Lobatse Clay Works, one of the border town's economic mainstays, has suspended operations, with workers unpaid for April, as an expected P60 million equity injection continues entangled in disputes at the highest judicial levels.
Lobatse Clay Works, which has a workforce estimated at 500, was due for a P60 million cash injection by the Botswana Opportunities Partnership Fund (BOP) which would have taken up 80% equity in the 26-year-old company. The iconic firm, which is wholly-owned by the Botswana Development Corporation (BDC), has been in financial stress for several years and the BOP was seen as a timely investment.
The Fund, established by Capital Management Botswana (CMB) and funded by the Botswana Public Officers Pension Fund (BPOPF), is the subject of a hostile battle between the two former partners which now awaits a Court of Appeal decision in June.
Last September, CMB had asked BPOPF for P77 million to invest in Lobatse Clay Works and Yarona Media Holdings, as part of the P477 million BOP investment package agreed to in 2014.
The pension fund shot down the request citing numerous alleged violations of the partnership, leading to the lengthy legal battle still raging.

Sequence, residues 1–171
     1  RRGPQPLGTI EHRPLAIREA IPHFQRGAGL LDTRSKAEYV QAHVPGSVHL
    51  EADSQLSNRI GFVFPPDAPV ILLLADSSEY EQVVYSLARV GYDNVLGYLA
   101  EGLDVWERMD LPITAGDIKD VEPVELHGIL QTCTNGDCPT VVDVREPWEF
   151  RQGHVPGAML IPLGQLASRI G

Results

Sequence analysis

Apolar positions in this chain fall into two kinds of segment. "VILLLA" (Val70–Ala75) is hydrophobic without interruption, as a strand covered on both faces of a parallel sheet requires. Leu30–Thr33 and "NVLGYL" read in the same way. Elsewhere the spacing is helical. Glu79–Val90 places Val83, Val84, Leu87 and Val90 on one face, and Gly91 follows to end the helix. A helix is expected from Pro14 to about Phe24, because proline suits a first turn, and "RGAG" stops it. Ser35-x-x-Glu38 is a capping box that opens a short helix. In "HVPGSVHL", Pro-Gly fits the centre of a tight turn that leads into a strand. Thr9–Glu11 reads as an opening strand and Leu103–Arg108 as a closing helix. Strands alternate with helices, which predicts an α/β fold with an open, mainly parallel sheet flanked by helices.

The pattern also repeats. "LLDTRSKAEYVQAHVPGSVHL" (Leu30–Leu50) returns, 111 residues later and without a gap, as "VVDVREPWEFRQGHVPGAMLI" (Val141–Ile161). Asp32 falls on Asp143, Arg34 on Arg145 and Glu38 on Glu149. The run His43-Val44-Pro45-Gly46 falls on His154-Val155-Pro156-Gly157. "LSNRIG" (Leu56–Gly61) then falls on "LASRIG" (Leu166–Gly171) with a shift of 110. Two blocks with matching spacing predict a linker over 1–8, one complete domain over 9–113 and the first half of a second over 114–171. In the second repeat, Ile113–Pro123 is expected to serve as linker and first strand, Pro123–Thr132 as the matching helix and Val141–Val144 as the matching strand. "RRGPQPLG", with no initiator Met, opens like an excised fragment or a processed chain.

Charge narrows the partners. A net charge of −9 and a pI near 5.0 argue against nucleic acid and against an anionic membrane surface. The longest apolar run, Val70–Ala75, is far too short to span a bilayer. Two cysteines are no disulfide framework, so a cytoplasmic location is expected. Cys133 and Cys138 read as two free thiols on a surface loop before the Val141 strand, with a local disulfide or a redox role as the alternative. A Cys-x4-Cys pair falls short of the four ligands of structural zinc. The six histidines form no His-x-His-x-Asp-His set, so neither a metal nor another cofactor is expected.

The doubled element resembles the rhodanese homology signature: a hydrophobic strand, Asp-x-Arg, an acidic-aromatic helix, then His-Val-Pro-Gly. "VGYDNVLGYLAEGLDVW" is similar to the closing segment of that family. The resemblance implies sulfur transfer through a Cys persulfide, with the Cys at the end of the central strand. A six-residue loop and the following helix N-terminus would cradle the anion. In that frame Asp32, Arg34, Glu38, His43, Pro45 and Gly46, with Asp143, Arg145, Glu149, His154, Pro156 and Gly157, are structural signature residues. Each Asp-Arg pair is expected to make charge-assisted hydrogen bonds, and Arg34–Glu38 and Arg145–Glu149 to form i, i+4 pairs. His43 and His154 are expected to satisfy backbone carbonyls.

This week, Botswana Mine Workers Union general secretary, Mbiganyi Ramokate said employees at Lobatse Clay Works were stuck in limbo as the company was neither willing to officially release them and pay retrenchment packages, nor reopen the plant for work.
“The management told workers that they would suspend operations while negotiations continued for the new management and new shareholders,” he said.
“They then said there was a court matter awaiting judgement and everything would depend on that. “We have met numerous times with management and we have said, if management says there is no business, you have to pay
“Workers report that management has been paying salaries in dribs and drabs since last year, but April’s salaries were not paid. Management had also committed to paying the workers’ bank loans and insurance, but that has not happened either and workers are receiving threats.” He added: “We are not even sure what’s going on anymore and we have asked for a meeting with the management this week”.
On Wednesday, Lobatse Clay Works’ managing director, Ronald Solomon referred BusinessWeek enquiries to the BDC, where corporate affairs and strategy head, Boitshwarelo Lebang said the Lobatse firm was undergoing transformation. “The business is currently undergoing transformation following a series of challenges it has faced, including market conditions.
“BDC’s focus has been on finding a long term sustainable plan to turn the business around by bringing on a strategic partner with the requisite industry experience and capital to drive the business whilst we reduce our position to a minority one.
“We are currently in talks with a potential strategic partner around the restructuring and are therefore not at a stage where we can share any further information with the media or the public and will readily do so at the earliest opportune time,” she said. In its hey day, Lobatse Clay Works produced more than 30 million clay stock bricks and face bricks per year, many of which built up most of the country’s government buildings, institutional offices, private homes, universities and others over the years.